We combined outputs from global climate models (GCMs) and ocean models in order to assess the spatio-temporal dynamics of the meteorological drivers of compound flooding along the global coastline. Daily time series of meteorological tides were obtained as the superposition of storm surges1 and waves1,32,33, which were available from ocean model simulations forced with reanalysis data for the observed past34, and with GCM climate projections of the Coupled Model Intercomparison Project Phase 5 (CMIP5) for estimates of climate change under a high anthropogenic greenhouse gas emissions scenario (RCP8.5)35. Given that higher-resolution input data could improve the representation of extreme events1,25,36, especially for tropical cyclones (TCs)25,37,38,39, we improved the representation of TC-driven meteorological tides in the reanalysis-based dataset. Storm surges caused by TCs were forced by dynamically downscaled atmospheric conditions and waves were corrected for TC effects based on satellite altimetry data (see Vousdoukas et al.1 for more details). However, this procedure was not feasible for CMIP5-based simulations, therefore, despite the overall satisfactory representation of the compound hazard based on CMIP5 models in the present climate (Supplementary Fig. S1), the projected changes in regions subject to high TC activity should be interpreted with caution.

Daily precipitation time series from the reanalysis data and GCMs in the neighbouring coastal zone were aggregated over 3-day windows8,10,27,40. Note that at high latitudes, where precipitation often occurs as snow and therefore cannot directly contribute to flooding, the findings should be interpreted with caution. As discussed earlier, by using aggregated precipitation we do not aim at representing the compound flood potential in estuaries of long rivers (catchment  5–10 × 103 km2)27, for which high discharges close to the coast are influenced by several processes over the catchment inland24,27,41. However, employing aggregated precipitation allows for considering local-rainfall-driven compound flood and, with some regional exceptions that will be discussed later, compound flood in small-size and medium-size rivers, including small rivers not resolved by large-scale datasets27.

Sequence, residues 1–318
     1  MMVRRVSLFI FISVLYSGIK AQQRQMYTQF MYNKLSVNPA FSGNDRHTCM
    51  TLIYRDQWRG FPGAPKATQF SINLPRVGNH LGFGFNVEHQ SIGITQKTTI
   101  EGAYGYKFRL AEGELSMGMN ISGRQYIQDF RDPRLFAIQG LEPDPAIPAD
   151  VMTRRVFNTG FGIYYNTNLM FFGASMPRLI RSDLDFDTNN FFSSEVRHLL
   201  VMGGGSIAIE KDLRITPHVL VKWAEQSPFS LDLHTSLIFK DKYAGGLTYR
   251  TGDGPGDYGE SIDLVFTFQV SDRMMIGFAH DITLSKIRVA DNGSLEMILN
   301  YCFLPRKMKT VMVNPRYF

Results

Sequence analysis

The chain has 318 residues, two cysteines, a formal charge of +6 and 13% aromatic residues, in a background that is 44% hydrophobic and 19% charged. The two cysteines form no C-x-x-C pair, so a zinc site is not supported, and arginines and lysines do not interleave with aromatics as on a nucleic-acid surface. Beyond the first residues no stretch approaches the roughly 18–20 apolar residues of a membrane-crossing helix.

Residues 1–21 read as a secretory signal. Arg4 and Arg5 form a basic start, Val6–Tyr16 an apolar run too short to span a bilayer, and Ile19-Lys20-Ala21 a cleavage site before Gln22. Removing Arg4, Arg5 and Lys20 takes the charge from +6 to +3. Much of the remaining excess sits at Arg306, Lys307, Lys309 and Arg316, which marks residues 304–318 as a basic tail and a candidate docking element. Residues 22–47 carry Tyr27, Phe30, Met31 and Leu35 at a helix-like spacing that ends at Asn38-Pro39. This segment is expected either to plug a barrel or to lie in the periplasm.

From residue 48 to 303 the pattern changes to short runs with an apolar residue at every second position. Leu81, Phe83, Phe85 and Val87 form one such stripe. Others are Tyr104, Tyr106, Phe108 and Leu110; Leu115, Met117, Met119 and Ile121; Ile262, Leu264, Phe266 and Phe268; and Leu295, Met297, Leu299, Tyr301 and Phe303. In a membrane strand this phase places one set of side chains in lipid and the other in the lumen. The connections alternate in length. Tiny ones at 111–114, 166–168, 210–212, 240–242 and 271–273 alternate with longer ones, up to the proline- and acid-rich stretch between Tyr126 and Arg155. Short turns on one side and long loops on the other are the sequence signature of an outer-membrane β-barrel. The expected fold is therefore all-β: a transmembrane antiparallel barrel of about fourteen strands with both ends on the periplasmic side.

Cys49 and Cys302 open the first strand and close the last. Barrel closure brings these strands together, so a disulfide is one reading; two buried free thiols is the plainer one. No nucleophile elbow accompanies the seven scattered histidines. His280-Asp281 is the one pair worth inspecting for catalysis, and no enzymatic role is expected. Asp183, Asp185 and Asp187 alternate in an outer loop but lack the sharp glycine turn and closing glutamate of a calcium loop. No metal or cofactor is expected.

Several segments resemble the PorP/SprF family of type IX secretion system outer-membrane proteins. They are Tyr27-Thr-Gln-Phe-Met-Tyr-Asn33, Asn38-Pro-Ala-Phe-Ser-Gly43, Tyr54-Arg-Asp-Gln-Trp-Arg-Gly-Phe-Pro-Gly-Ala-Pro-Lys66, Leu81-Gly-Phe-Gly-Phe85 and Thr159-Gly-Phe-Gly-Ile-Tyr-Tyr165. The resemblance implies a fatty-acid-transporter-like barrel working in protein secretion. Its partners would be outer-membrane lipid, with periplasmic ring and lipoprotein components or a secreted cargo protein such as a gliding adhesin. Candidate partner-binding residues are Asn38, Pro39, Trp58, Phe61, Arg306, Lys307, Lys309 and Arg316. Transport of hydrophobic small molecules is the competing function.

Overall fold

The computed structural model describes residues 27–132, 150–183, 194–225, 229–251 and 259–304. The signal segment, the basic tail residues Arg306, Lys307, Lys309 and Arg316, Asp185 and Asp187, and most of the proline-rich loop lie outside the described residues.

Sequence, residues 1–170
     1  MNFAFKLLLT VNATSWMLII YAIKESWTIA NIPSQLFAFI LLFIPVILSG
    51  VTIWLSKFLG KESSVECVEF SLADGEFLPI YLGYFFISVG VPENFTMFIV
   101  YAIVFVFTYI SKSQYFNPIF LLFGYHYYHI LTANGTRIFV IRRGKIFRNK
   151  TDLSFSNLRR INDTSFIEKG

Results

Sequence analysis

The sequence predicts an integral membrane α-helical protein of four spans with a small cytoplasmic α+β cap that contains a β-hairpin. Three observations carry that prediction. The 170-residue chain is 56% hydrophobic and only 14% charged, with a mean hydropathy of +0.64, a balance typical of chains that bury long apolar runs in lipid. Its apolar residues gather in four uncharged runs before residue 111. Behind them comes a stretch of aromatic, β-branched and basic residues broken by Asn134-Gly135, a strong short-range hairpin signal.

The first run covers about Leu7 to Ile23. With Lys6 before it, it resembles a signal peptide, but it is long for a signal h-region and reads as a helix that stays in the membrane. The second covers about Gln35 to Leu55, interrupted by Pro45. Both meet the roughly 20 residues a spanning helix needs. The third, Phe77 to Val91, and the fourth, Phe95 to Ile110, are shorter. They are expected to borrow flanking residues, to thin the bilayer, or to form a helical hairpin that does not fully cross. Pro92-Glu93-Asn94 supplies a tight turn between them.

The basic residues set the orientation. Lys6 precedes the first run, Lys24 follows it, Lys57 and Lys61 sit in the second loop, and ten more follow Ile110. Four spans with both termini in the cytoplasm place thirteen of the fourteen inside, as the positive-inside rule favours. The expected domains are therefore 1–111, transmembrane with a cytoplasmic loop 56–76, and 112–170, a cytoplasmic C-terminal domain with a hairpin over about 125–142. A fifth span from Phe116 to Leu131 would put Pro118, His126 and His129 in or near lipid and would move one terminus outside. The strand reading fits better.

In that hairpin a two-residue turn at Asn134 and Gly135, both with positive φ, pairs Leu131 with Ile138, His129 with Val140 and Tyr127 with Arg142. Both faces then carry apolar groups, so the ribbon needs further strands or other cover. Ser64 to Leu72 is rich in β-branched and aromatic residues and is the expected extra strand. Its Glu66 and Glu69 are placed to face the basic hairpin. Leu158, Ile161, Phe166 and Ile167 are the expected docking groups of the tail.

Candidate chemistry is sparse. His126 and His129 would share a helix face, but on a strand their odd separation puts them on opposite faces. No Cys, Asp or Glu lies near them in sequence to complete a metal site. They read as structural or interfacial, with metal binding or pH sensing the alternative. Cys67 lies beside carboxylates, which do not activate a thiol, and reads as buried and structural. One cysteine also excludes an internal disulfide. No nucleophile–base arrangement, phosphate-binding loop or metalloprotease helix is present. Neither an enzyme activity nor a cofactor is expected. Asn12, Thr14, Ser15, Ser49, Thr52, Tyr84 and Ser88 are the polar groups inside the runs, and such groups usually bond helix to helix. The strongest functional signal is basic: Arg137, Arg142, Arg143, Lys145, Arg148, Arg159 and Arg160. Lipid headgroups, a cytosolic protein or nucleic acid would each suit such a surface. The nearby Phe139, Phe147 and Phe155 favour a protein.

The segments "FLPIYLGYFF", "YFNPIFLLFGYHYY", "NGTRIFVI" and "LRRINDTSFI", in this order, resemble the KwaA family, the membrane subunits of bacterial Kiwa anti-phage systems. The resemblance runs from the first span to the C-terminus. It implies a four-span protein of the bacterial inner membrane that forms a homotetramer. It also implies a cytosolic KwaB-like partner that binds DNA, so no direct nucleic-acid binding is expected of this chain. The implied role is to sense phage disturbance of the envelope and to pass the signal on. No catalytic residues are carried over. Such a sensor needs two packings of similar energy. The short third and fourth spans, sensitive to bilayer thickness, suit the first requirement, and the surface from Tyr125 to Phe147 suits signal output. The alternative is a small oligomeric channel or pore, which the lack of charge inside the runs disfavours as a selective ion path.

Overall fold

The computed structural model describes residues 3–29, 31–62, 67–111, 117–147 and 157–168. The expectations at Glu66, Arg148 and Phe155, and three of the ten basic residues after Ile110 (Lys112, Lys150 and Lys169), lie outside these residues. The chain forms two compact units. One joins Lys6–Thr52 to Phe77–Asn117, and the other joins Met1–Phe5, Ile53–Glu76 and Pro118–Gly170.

We define extremes of meteorological tide and aggregated precipitation as events that occur on average once a year in the present climate of the individual models. We assessed the joint return period (or inverse probability) of concurring extremes in present and future climate42 from the bivariate distribution of meteorological tides and precipitation based on parametric copulas that model the pairs of high values only8,10.

Present-day concurrence of extreme precipitation and meteorological tide